If you’re in a crowd and you’re trying to get across the room, would you “wind” your way around the other people or would you “wend” your way around them?
How confident are you in your answer?
And let me ask another question: Have you ever wondered why the past tense of “go” is “went”? No? Well, are you at least a little bit curious now that I pose the question?
Knowing the answer to one will help you with the answer to the other.
It all goes back to a word-hijacking centuries ago, when there were two major terms one could use to denote traveling from place to place. One could “go,” or one could “wend.” “Going” was more direct; “wending” was sometimes less so, but I’ll get back to that.
The confusion between “wind” and “wend” often stems from the fact that people don’t think “wend” is a real word.
But it is. “Wend” is not a typo, and it is the correct word in the idiom “to wend one’s way.”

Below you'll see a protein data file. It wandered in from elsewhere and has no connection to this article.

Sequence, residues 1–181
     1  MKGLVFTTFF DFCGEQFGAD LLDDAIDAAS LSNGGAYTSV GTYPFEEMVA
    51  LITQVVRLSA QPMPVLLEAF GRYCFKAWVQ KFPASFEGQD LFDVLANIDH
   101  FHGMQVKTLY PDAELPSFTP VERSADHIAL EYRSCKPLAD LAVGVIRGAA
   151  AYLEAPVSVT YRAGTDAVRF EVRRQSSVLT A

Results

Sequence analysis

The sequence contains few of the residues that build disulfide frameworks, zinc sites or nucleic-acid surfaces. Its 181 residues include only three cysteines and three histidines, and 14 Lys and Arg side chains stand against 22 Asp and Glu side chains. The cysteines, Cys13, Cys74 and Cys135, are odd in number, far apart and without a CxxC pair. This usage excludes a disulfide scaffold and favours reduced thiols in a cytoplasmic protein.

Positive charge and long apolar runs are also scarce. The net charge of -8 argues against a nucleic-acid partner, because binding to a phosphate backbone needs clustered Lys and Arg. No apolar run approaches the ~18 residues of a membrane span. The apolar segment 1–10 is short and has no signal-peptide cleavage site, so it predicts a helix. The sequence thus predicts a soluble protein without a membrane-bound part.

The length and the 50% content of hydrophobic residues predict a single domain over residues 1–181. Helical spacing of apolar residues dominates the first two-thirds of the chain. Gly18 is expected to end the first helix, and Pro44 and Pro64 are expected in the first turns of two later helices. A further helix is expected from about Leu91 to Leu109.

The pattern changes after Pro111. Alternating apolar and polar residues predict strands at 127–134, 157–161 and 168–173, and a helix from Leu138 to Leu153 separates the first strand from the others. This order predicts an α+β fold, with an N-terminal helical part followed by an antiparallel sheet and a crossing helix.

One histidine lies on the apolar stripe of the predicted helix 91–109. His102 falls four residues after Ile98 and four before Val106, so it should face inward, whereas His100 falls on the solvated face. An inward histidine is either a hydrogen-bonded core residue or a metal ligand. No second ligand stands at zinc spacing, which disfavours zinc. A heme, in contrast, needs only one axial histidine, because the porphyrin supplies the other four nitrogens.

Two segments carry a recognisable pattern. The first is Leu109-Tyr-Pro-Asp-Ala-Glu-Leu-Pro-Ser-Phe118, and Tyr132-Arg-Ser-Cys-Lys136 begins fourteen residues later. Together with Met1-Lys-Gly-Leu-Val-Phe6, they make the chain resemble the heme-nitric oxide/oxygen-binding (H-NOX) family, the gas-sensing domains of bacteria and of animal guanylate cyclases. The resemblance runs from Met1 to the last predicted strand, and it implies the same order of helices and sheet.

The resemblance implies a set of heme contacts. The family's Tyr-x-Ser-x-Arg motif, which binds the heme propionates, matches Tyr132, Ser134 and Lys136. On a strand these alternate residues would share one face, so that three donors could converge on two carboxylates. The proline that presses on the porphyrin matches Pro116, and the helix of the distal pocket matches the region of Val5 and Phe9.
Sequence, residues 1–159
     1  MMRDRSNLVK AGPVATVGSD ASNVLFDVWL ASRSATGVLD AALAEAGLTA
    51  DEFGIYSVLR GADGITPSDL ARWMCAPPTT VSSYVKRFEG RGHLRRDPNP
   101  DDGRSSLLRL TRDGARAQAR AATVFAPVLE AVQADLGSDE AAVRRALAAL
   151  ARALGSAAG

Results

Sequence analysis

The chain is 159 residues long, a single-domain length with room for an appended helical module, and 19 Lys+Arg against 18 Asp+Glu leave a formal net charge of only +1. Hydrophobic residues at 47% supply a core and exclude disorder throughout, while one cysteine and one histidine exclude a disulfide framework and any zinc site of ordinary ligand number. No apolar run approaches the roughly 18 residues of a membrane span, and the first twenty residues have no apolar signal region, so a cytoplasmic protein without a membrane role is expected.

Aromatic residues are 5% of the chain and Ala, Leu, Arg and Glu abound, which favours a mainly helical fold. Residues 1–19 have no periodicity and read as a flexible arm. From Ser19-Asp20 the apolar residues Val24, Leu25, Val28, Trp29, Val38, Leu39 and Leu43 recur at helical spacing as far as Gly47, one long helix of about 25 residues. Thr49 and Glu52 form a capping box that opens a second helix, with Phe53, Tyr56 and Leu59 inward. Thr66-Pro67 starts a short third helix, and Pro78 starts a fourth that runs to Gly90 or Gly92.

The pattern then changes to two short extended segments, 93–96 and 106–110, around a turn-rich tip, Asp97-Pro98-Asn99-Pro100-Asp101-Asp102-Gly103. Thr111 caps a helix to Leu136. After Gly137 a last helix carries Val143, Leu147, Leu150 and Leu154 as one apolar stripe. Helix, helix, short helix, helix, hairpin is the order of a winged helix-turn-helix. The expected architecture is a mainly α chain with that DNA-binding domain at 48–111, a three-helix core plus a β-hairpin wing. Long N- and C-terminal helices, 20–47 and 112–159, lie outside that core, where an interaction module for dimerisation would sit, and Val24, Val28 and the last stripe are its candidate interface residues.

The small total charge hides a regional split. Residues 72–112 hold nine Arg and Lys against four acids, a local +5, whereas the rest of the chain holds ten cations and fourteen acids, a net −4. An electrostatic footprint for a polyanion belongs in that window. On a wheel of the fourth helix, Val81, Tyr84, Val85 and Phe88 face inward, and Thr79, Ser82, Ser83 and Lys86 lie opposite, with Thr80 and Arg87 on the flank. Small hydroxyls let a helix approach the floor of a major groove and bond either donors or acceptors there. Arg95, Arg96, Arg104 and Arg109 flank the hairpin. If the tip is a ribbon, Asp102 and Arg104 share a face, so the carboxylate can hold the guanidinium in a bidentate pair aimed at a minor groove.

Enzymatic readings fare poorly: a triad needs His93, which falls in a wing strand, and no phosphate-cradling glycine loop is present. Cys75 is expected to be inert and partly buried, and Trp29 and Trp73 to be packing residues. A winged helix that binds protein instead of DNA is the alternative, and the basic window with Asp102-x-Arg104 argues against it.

Yes, it’s a bit old-fashioned, but it pops up enough that it’s worth a conversation.
Here’s the difference between “wind” vs. “wend”:
- “To wend” is to go in a specified direction often by an indirect route; it is always to move from one place to another.
- “To wind” (for the sake of this conversation) is to move in a curving line or path.
A party guest might wend across a crowded room to get to the bathroom; a detour might wend through lesser-known city streets.
A party guest mind feel like they’re winding in circles mingling with their friends (no clear-cut A to B path); stripes might wind around a ball (they’re curving but not on a mission to get somewhere).
The difference is subtle but present. Admittedly, this is one you have to think about. Using “wend” properly is not for the grammatically faint of heart.
And what about that past tense of “go”?
Well, “wend” has fallen out of fashion a few times in its eight-hundred-year history, but its past tense didn’t always recede with it. The past tense of “go” used to be “gaed” or “oede,” depending on one’s geography. The past tense of “wend,” however, was “went,” following the same linguistic pattern as “send” and “sent.” As “wend” fell from popularity, “go” hijacked its past tense. Seriously. Word drama, folks.
Hence now, the past tense of “go” is “went.” Poor “wend” was forced to have a new past tense, “wended,” when it had its revival in everyday speech.
Who said there was anything dull about the history of language?